When a youth coach from one of
Europe’s top clubs arrives for a week to conduct a camp in Cayman, there is no
shortage of takers, that’s for sure.
So throughout the second week of
August around 100 aspiring footballers aged 18 and under seized the opportunity
to get tips from Dutch master coach Roy Wilhelm, the legendary trainer of
future stars for Holland’s PSV Eindhoven.
Wilhelm and his cadre of coaches,
all youngsters themselves who took the chance to make the trip to the Truman
Sports Centre, imparted on Cayman’s kids some tips to help them emulate some of
the brilliant Holland players we recently saw reach the World Cup final in
South Africa. Holland’s flair and artistry was apparent throughout the
tournament – but lacking in the final when they lost 1-0 to Spain – proving
that skill and technique will generally overcome the huff and puff tactics of
teams like England who rely more on brute strength and power than finesse.
Wilhelm, 58, was here for his first
camp last year. He travels the world when time allows to pass on his wisdom.
Besides English, he speaks Dutch, of course, German, French and Hebrew because
his mother is Jewish. He said: “I really enjoyed it again this time round. Not
only numbers wise but quality wise. I was surprised to see so much talent here,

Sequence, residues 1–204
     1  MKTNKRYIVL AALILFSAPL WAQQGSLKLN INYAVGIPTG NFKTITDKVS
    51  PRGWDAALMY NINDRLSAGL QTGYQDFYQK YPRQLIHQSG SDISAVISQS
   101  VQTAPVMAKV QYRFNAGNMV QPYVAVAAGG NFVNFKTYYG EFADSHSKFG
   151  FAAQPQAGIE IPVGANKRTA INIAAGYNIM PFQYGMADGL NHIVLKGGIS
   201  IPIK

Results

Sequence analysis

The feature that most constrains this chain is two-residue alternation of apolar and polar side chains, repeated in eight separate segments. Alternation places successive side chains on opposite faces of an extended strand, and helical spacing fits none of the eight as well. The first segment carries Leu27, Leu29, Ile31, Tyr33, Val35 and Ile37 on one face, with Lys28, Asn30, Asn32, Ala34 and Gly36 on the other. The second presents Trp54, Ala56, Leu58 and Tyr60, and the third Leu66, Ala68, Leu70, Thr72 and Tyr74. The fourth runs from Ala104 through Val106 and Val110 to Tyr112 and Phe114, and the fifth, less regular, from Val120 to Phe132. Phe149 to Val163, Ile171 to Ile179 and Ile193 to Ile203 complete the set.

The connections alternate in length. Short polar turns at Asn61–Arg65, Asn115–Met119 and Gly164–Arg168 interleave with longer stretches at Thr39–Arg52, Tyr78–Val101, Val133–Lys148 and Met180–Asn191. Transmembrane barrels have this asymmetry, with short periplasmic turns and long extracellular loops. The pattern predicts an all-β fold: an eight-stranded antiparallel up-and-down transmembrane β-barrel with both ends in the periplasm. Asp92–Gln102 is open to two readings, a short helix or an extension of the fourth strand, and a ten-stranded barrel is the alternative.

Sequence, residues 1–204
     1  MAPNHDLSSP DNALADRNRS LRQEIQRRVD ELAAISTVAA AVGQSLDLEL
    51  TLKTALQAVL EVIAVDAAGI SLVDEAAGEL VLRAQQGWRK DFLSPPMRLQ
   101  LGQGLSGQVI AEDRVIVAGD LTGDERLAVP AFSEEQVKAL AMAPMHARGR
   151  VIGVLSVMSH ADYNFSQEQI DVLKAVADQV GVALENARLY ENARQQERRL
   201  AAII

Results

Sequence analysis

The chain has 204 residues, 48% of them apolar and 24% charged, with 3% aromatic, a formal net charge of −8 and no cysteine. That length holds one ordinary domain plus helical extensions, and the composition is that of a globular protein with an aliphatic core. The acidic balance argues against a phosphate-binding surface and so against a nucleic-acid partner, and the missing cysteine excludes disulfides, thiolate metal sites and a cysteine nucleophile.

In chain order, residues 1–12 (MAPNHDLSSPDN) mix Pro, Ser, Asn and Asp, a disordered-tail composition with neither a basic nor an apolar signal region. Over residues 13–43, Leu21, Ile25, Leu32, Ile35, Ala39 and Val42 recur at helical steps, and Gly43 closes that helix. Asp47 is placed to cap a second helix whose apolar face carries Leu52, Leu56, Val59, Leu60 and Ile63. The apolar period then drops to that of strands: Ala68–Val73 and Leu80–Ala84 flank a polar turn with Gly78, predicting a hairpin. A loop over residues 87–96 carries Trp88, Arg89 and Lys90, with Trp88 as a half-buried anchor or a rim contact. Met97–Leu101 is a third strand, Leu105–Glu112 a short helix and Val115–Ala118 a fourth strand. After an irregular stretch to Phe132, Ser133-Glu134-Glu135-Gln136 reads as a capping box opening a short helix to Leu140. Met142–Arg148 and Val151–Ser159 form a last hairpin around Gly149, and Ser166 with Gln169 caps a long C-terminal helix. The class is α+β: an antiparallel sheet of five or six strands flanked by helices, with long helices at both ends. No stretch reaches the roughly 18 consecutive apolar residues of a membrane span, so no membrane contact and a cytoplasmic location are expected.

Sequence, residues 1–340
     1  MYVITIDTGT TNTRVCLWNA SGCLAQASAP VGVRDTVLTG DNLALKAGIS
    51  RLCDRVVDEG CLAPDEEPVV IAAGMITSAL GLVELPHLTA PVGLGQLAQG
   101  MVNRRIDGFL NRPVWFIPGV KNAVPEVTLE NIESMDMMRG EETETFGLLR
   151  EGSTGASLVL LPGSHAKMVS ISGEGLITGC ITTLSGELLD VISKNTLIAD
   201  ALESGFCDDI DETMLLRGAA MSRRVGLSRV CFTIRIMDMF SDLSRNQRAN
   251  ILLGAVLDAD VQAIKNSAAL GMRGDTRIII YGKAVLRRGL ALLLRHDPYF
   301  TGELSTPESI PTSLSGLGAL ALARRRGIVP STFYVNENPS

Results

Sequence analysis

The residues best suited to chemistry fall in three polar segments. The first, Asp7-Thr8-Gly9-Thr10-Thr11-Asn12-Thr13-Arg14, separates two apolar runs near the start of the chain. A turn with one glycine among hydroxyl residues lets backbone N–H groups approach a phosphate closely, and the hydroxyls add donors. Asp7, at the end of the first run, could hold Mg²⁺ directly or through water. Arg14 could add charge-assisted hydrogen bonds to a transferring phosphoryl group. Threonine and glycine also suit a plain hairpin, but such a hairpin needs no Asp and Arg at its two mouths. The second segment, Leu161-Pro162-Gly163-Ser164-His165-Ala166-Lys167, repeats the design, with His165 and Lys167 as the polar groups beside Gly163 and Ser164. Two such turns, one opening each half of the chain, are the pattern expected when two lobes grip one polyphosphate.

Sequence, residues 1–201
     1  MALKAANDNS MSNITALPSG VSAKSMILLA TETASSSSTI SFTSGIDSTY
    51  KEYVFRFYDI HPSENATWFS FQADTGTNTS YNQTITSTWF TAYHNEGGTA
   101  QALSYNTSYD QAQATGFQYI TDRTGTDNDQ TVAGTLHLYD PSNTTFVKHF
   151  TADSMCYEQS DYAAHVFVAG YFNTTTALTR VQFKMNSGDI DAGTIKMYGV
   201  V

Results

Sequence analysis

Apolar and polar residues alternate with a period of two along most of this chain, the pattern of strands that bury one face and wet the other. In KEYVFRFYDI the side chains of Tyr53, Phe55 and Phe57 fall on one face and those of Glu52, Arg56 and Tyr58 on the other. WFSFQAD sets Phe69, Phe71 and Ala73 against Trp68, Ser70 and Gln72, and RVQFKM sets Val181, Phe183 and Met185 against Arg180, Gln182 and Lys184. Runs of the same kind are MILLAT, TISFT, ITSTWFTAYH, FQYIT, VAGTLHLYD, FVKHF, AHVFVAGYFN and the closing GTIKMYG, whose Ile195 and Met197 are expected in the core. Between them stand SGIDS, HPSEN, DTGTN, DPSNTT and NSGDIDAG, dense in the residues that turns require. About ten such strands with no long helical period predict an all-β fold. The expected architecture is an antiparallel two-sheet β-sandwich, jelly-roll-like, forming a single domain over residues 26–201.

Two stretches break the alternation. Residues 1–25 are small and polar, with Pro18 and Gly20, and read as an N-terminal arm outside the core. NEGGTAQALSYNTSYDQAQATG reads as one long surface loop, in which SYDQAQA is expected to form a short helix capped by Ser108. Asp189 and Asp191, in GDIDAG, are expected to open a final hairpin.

even with the very young kids and hopefully these sessions will continue to
make them better. I was quoted in your last article saying that Cayman needs
some mean players, well I saw two! Sometimes you need players like that to get
the team going.”
Jasmine Ebanks, 15, plays in goal
for Women United Under-17 and thought the sessions were incredibly helpful. “I
really enjoyed it all,” she said. “They were excellent. I learned tricks and
more stuff generally. I got to see people from the other side of the world and
met more new people at this camp than others I’ve attended in Cayman.
Ebanks has taken over the keeper’s
role from Emily Kelly who at 16 is now too old to play for the dominant Women
United’s youth team. “We have always been on top and guess we will stay there,”
Arvid Harris, 18, is one of Bodden
Town’s best players. The attacking midfielder thought the $150 for the week’s
sessions with Wilhelm was excellent value. “From this camp I learned more about
fitness and how to dribble the ball better, use more techniques and moves. I
really got a lot out of this. We did the Dutch way. They do more of ball work.
That’s how they increase their fitness, with the ball. Down here we just do
running so this is another way of getting fit.”
The young and inexperienced Bodden
Town side did well in the Premier League and lost in the Digicel Cup final to
George Town in their first season since promotion. Harris wants to make it as a
pro and this camp, he feels, definitely helped his fitness. “I’m hoping to get
a college scholarship in the US to boost my career and also tryouts in England
“At Bodden Town we always train
hard. We’ve already started in preparation for the new season. I think we’ll do
good. We came second last season and I think we’ll do well again because we’re
one year older and more experienced.”